Microfinance is a well-established tool for alleviating poverty in developing countries, particularly among the population living on less than a dollar a day (Abed, 2009). Basically, it is the issuance of small, collateral-free, and unsecured loans to individuals or groups for the purpose of starting or expanding businesses (Khavul, 2010). People might think that microfinance only provides financial services to the poor, but it is actually a self-employment generation service for the poor (Siddike, Kohda, & Hoque, 2016). Social enterprises provide microfinance services to those who have already dropped out of the regular financial service system. Most microfinance borrowers are also illiterate. As a result, providing microfinance services to such individuals is risky for social enterprises. Therefore, BRAC (Bangladesh Rehabilitation Assistance Committee and then Bangladesh Rural Advancement Committee, currently, BRAC does not represent an acronym), Bangladesh introduced “borrowers’ financial education” in terms of a pre- disbursement orientation and four-day training for borrowers (Siddike et al., 2016). This will ultimately help to foster financial literacy of borrowers in terms of creating awareness of financial dealings, risk of taking multiple loans, and other aspects of their life. Finally, this financial literacy will also help borrowers as well as the general public to gain lifelong learning that will ultimately change their life through reducing poverty.

    Educational technologies are well-developed. Higher educational institutions are using new sophisticated technologies for providing better education (Siddike, Kohda, & Haque, 2014), including courseware (Tane, Schmitz, Stumme, Staab, & Studer, 2003), knowledge grid-based intelligent tutoring (Weller, Pegler, & Mason, 2005), Moodle (Ali, Bilotta, Pantano, Servidio, & Talarico, 2007), social software and Web 2.0 (Mentis, 2008), Facebook as a learning management system (Siddike, Islam, & Banna, 2015), and massive open online courses (MOOCs) (Breslow et al., 2013). Massive open online courses are among the latest e-learning initiatives to attain widespread popularity (Hew &

  • 162 M. A. K. Siddike et al. (2017)

    Cheung, 2014). They are online courses aimed at unlimited participation and offer open access via the web. They also provide interactive user forums that help build community (Pappano, 2012; Lewin, 2013). Basically, this new technology is being used by higher educational institutions in developed countries. However, scholars such as Liyanagunawardena, Williams, and Adams (2013) and Warusavitarana, Lokuge Dona, Piyathilake, Epitawela, and Edirisinghe (2014) identified opportunities and problems in providing higher education through MOOCs in such countries. No research has yet been focused on providing education through MOOCs for illiterate individuals. In this paper, we attempt to explore the current financial education provided by BRAC, Bangladesh; second, we identify the possible opportunities and drawbacks to adopting MOOCs for the poor; and finally, we propose a framework on how MOOCs can be adopted to offer financial literacy to the poor.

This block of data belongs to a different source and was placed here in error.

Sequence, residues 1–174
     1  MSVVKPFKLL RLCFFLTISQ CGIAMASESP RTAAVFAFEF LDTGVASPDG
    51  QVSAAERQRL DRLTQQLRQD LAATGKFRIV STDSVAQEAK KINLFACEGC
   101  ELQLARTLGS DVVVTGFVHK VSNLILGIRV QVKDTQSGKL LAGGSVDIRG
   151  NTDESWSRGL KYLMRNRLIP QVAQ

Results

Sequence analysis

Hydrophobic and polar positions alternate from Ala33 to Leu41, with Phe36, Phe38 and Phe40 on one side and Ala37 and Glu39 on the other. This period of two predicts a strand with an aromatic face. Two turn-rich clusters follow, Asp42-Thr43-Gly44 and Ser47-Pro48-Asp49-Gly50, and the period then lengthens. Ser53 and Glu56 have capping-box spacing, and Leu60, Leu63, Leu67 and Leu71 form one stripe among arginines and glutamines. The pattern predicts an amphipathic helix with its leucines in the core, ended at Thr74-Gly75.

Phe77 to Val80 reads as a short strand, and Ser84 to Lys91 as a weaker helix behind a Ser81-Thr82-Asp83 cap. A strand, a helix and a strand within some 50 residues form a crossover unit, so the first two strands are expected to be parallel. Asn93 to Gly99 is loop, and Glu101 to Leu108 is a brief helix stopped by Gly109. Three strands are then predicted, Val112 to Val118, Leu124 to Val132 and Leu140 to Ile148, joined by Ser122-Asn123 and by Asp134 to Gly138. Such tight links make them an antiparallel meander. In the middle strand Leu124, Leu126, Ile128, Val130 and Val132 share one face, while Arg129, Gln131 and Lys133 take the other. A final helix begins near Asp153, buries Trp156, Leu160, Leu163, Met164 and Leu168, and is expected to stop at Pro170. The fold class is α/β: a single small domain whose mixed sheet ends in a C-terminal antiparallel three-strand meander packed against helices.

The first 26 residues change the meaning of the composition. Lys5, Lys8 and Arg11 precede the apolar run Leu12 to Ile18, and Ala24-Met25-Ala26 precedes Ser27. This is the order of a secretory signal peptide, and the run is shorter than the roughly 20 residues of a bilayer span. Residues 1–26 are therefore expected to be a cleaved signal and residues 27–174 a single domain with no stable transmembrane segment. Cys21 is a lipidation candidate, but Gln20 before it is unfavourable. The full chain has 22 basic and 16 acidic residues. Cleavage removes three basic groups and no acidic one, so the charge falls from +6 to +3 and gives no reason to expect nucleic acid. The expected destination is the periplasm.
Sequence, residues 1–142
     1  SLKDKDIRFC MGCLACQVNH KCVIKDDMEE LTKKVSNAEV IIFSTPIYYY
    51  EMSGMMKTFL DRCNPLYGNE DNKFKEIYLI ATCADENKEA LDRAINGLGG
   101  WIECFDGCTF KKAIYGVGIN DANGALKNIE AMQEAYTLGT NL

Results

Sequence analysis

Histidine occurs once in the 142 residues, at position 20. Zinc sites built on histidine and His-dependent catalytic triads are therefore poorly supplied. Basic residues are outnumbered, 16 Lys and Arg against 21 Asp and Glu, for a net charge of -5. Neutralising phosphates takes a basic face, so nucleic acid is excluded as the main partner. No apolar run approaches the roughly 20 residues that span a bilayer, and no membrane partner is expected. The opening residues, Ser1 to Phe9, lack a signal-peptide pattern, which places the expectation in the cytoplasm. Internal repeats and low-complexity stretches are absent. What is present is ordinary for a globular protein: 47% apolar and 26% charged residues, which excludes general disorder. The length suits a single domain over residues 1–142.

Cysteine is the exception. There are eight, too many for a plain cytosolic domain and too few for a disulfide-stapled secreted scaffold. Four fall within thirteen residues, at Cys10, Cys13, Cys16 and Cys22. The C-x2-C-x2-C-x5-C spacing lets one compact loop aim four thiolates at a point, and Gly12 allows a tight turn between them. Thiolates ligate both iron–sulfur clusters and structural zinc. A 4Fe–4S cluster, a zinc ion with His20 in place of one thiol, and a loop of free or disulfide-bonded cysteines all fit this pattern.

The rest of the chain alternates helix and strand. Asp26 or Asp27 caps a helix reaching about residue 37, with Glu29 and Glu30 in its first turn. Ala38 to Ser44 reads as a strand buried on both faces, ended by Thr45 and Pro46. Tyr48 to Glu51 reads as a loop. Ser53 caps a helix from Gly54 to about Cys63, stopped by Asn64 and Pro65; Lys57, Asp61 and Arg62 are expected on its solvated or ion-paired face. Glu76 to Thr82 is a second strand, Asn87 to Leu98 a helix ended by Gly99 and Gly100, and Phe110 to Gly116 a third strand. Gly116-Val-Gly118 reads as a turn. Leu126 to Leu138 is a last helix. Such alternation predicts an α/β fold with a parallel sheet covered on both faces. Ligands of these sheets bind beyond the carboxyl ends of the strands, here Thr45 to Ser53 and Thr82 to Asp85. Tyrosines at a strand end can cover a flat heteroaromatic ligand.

The rest of the paper is organized as follows: In Section 2, we review related work on education technologies and how new technologies such as MOOCs can be implemented in different contexts. Section 3 describes the research objectives and questions. In Section 4, we describe the research design, data collection procedures, and data analysis strategies. In Section 5, we discuss the results of this research. In Section 6, we propose our framework for adopting MOOCs to provide financial literacy, and in Section 7, we conclude the paper with practical implications.

    2. Literature review

    We review the literature on education technologies, i.e., MOOCs as the latest trend in technologies in higher education, for developing countries, and possibilities for the poor in terms of providing financial education.

    2.1. Technologies in education

    e-Learning is a process of online teaching and learning using different means (Moodle, social networking sites, MySpace, YouTube and Flickr). It has been used in academia for the last two decades to reshape the nature of study environments worldwide (Guri- Rosenblit, 2005). Different types of technologies are used by higher educational institutions all over the world (Singh, 2001; Tane et al., 2003; Zhuge & Li, 2004; Weller et al., 2005; Ali et al., 2007; Bawden et al., 2007; Mentis, 2008; Yang, Gamble, & Tang, 2012; Siddike et al., 2015). Singh (2001) proposed a learning content management system as a tool for providing education. Similarly, Tane et al. (2003) developed a courseware watchdog system as an ontology-based learning system to